When it comes to making purchasing decisions, consumers nowadays have more options than ever. Almost every product and service comes with a huge range of choice, and this is no different when it comes to choosing a hotel. There are often hundreds to choose from in any one place, so hotels must work hard to cultivate loyalty and encourage guests to come back. Attracting guests for their first stay is one thing; retaining those visitors and ensuring they return is a whole new challenge.
Some studies show that up to 90% of hotel guests never return to the same venue twice. In many areas this is unsurprising, as many travellers don’t wish to holiday in the same places repeatedly, or if they do, may wish to stay in a slightly different area. However with business travel, staycations, and mini-breaks on the rise, there are a few things hotels can do to encourage guests to come again.
The first (and perhaps most obvious) point is that hotels must consistently present the best version of themselves to guests at all times if they’re to persuade guests to return. You may have an amazing website and good ratings which convince guests to book, but they won’t be back if their experience doesn’t match up with your online presence. It is all about the experience. If you present your best selves to all guests, whether they’re business or leisure travellers, they’ll have fond memories of their stay and you’ll have a better chance of seeing them return.
Customer service is central to this. From a guest’s perspective, a hotel should be a sanctuary – a home from home where they shouldn’t have to worry about a thing. Needs should be catered for and issues resolved with minimal delay and disruption to a guest’s day. Be mindful that if guests are abroad they are also out of their comfort zone, so personable and reliable customer service can help put them at ease. Not only this, but efficient customer service means that even when things go wrong, guests are appeased and only mildly inconvenienced, and still feel like they’re getting their money’s worth. Without paying keen attention to the level of customer service you’re offering, and making it a priority, you cannot expect return visits.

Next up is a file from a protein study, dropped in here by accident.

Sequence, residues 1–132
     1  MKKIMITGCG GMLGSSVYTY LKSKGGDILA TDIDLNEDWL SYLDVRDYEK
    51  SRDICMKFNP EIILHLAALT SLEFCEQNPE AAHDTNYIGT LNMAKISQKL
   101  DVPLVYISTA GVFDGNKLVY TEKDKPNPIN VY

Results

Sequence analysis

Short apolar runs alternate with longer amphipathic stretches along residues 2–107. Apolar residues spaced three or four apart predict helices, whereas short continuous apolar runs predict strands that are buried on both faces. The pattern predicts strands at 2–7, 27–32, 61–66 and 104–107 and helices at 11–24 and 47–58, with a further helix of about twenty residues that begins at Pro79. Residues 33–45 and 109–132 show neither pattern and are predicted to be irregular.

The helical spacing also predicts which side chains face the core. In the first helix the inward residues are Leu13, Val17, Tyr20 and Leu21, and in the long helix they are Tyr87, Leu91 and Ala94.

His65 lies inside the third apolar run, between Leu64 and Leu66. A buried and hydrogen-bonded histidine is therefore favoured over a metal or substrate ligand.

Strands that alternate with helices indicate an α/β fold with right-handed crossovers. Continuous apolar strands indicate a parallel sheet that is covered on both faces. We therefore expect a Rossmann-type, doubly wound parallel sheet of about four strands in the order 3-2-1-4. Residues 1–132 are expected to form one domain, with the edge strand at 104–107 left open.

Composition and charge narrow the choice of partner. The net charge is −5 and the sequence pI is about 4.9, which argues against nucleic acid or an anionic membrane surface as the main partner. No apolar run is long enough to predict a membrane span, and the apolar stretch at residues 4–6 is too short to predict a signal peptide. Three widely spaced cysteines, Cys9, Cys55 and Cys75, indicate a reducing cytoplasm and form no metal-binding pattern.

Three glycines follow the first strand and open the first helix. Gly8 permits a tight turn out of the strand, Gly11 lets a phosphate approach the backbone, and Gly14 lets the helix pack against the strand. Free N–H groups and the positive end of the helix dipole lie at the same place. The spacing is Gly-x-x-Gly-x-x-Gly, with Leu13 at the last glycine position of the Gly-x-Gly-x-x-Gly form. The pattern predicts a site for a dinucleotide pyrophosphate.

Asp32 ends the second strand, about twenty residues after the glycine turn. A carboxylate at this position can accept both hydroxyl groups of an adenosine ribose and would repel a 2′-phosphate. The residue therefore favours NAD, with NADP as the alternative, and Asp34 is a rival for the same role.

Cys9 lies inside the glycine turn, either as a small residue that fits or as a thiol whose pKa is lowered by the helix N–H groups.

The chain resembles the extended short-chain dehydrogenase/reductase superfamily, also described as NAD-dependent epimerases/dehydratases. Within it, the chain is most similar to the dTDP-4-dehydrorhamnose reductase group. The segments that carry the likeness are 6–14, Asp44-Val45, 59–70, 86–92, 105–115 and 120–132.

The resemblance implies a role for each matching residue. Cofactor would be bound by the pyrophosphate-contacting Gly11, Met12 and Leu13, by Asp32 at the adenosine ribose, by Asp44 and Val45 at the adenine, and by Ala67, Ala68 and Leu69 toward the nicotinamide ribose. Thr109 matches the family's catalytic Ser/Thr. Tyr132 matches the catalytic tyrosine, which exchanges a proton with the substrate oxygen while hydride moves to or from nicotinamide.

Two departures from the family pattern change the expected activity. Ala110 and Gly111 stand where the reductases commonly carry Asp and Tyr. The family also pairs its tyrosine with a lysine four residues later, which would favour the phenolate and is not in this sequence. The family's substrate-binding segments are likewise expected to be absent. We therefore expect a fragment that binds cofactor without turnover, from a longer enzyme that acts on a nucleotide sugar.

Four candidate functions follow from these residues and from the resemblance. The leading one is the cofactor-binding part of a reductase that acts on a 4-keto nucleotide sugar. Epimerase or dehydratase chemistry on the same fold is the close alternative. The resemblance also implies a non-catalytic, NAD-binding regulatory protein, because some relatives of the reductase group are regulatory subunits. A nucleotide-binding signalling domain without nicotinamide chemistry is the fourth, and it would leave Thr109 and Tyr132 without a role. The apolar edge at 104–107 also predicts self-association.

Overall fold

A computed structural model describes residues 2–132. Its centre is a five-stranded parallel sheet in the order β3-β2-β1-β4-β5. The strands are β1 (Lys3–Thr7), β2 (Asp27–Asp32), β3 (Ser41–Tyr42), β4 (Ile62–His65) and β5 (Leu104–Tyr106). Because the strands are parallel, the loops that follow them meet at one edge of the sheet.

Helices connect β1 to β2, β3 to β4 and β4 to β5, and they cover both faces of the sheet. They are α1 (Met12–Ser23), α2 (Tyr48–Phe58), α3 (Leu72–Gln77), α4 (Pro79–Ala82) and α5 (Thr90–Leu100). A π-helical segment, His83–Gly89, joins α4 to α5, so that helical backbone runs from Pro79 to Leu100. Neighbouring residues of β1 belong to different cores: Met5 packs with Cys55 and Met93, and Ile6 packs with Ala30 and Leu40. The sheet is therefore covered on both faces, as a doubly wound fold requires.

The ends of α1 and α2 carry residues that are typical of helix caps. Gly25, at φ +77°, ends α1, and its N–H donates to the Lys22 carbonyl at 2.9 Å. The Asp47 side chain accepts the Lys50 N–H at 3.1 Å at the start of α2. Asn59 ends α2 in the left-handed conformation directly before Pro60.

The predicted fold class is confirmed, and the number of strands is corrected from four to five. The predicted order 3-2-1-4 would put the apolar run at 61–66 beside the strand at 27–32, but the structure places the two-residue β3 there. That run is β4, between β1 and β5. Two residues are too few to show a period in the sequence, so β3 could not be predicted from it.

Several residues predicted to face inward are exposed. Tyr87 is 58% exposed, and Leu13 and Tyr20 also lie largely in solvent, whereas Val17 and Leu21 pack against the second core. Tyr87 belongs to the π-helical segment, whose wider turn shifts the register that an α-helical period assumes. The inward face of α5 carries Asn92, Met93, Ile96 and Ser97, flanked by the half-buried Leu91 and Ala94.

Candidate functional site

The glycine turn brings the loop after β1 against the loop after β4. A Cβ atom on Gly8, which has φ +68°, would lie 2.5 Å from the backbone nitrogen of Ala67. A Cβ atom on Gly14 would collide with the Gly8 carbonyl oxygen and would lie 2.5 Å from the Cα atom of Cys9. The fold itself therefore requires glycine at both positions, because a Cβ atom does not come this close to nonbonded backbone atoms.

Another place where hotels can helpfully interact with guests both during and after their stay, and remain in their periphery, is on social media. Building a strong social media presence and encouraging guests to follow your accounts when they’re staying in your hotel means you’ll be in their minds and on their feeds long after they’ve checked out. Encourage guests to ‘check-in’ on Facebook when they physically check-in, or offer guests the chance to win a complimentary night’s stay if they tag and share photos from their visit on Instagram. Engaging with guests in this way means they won’t forget you, and also means they can keep up to date with your latest news should they be interested in your new suite, refurbished gym or summer booking offer. Don’t be forgotten.
Loyalty points systems are a little more vintage, but are not to be derided when it comes to encouraging return visits. Loyalty points systems are helpful, as they give guests tangible benefits upon returning. Working on a tiered basis – e.g. two return visits means a free bottle of prosecco, four return visits means a free three course dinner, and six means a free stay with dinner included – is a good way of ensuring you’re not giving away too much too soon. But having a good rewards system in place could essentially mean the difference between a guest choosing you, and choosing somewhere similar nearby. It’s a crucial difference.
Referral systems are of a similar ilk, and are another useful way of encouraging guests to spread the word, and even come again themselves. Referral systems ensure you stay relevant to your visitors by adding value to them even after they’ve checked out. An effective email marketing campaign complete with well-timed reminders about what they stand to gain by referring a friend is a non-intrusive way of keeping your hotel in guests’ minds.
Another potentially profitable revenue stream for securing guests old and new is to create space where companies and individuals can host events. Hosting events means your hotel can fill up quickly, and if people like what they see during a corporate event, conference or even wedding, they may choose to return again under their own steam. Events can help you showcase what your hotel has to offer in a different context, and can help get you on the map for potential returning guests.
Cultivating customer loyalty in the hotel trade, whose business is the coming and going of guests, is a tough task. It’s far from impossible though, and hotels mustn’t overlook the benefits that loyal visitors can bring. From word of mouth recommendations, to building a sense of community within your hotel, customer loyalty is a great asset. It’s good practice, and makes great business sense, to cultivate it.
By Simon Botto, CEO of DayBreakHotels